Continued strong iPhone and iPad sales, surprisingly good Mac sales, and a rising Chinese market gave Apple a very healthy start to its 2014 fiscal year.
According to an earnings report released Monday, Apple wrapped up the first quarter with a $13.1 billion profit on $57.6 billion in revenue. That compares to $13.1 billion in profit on $54.5 billion in revenue the same quarter last year. (To be precise, overall profits were in fact down just a bit, from $13.078 billion in the first quarter of 2013 to $13.072 billion this quarter.) Earnings per share were better than expected: Analysts had predicted $14.09 per diluted share, when in fact earnings per share were up 5 percent to $14.50.
The company said it sold 51 million iPhones (a new quarterly record) and 26 million iPads (another new record). Mac sales were surprisingly strong, up 19 percent over the year before, to 4.8 million units.
However, the company’s projections for the second quarter of 2014 are likely to be unpopular: It projected quarterly revenues of $42 to $44 billion; analysts had estimated $46 billion.
With roughly 51 million handsets sold, iPhone sales were up about 7 percent over the first quarter last year. That’s no doubt thanks to the introduction of the iPhone 5s and iPhone 5c, which debuted just a few days before the start of the quarter. Revenues from iPhone sales were a tad lower than that, up 6 percent compared to the year before. The iPhone accounted for 56 percent of the company’s overall revenues—about the same as last year.
That said, Apple CEO Tim Cook admitted to analysts that those new phones didn’t sell quite as the company had predicted: “As we entered the quarter and forecasted our iPhone sales…we actually sold more iPhone 5s’s than we expected….it took some time to build the mix that customers were demanding.”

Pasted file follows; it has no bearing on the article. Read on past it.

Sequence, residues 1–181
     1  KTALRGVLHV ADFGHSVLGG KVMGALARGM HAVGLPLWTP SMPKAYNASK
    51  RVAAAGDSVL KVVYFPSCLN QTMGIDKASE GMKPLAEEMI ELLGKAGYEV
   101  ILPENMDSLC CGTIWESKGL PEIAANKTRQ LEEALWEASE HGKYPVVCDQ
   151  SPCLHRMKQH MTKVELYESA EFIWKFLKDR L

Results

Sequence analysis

iPad unit-sales were up about 10 percent over the first quarter last year (26 million vs. about 23), but revenues were up just 7 percent. Apple specifically called out the success of the iPad in the corporate market as one of the keys to those sales: According to Tim Cook, the iPad is now represented in 98 percent of Fortune 500 companies and 93 percent of the Global 500; 90 percent of tablet activations in corporations, he said, are now iPads.
Driven largely by the iMac and MacBook Air, Mac sales were up a robust 19 percent, with accompanying revenues coming in 15 percent higher. And that’s in an overall PC market that declined 6 percent in the same period. Macs have gained global market share in 30 of the past 31 quarters.
What happened to the iPod? Unit sales plunged 52 percent, while revenues dropped 54 percent. That means the iPod is contributing just 2 percent to Apple’s overall income—half of what it was last year.
The China factor
The big story in Apple’s numbers: Its revenues from the Greater China market soared 29 percent. And that’s before the company’s deal with China Mobile to sell iPhones there kicked in. Apple CEO Cook cited strong iPad and Mac sales, which were 64 percent and 28 percent year-over-year respectively.
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